W: I think there’s a kind of thing that a lot of people experience but at the same time, there are many particularities in every individual’s person’s story or life right. It’s also very nice that how these people, when they were responding to the specific stories, all had a very specific response that came from their own specific history or experiences, which is nice. But then at the same time they were able to find entry point or tangents into the specific stories.
K: Did they add in their own content as well?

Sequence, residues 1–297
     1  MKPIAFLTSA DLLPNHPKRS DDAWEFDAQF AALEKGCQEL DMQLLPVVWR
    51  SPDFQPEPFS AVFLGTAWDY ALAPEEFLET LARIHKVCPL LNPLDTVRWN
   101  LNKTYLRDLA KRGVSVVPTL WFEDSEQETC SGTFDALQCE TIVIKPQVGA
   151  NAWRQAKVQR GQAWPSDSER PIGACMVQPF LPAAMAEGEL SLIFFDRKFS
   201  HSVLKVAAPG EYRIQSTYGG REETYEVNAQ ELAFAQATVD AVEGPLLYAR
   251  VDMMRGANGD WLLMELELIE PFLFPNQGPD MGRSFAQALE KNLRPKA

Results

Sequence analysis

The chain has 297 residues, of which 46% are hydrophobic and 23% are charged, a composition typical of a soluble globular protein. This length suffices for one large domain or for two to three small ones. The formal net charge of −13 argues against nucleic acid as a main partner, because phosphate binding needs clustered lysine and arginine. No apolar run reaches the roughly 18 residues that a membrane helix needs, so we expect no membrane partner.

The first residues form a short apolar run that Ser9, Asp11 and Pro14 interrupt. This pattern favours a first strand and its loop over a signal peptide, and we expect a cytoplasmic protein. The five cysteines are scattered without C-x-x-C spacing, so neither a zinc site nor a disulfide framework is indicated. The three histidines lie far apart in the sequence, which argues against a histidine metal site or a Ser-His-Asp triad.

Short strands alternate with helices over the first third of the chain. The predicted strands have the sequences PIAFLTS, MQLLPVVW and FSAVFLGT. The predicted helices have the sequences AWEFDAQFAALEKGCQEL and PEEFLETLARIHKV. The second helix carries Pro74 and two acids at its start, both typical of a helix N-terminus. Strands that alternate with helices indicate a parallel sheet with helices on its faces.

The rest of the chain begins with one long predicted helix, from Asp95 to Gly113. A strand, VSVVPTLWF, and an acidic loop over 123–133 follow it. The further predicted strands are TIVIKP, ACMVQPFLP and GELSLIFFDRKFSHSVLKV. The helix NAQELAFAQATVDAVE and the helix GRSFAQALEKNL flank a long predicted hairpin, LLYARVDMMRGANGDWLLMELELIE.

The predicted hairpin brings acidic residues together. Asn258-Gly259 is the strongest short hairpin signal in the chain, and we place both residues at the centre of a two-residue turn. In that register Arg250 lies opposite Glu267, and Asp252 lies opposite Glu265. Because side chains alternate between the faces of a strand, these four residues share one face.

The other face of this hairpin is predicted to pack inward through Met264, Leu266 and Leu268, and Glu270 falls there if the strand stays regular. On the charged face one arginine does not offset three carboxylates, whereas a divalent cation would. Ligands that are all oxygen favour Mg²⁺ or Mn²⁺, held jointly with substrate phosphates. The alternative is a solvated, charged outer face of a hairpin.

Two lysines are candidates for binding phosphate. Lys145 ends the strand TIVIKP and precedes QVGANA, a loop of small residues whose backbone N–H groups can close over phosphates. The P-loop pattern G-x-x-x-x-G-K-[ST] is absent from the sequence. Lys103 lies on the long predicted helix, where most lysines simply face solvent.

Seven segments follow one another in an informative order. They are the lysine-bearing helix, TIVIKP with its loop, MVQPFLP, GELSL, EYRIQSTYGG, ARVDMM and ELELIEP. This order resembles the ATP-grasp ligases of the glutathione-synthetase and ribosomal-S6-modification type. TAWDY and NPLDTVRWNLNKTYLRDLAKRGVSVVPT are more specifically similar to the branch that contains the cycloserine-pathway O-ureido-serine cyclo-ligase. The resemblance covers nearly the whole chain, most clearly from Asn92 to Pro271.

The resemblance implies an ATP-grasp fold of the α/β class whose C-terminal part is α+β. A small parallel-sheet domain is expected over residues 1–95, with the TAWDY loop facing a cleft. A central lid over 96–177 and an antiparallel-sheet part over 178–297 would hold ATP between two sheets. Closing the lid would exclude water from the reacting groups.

W: No, so they were speaking, they were memorizing. But then the thing is because sometimes they couldn’t remember, so sometimes there were just gaps. But sometimes they would just change the words and say it according how they felt what they thought it meant. So it became very funny, one audience member came up to me after that and was asking if the person’s from China. Then I was like no, why’s that? Oh sometimes she would use China-Chinese work then sometimes she would use Singaporean-Chinese words? So I couldn’t actually tell. Because what she’s talking about, is specific to a China experience, but at the same time you have a Singaporean-Chinese words, the way it’s used here. I think that kind of confusion or that kind of dissonance created is actually quite productive.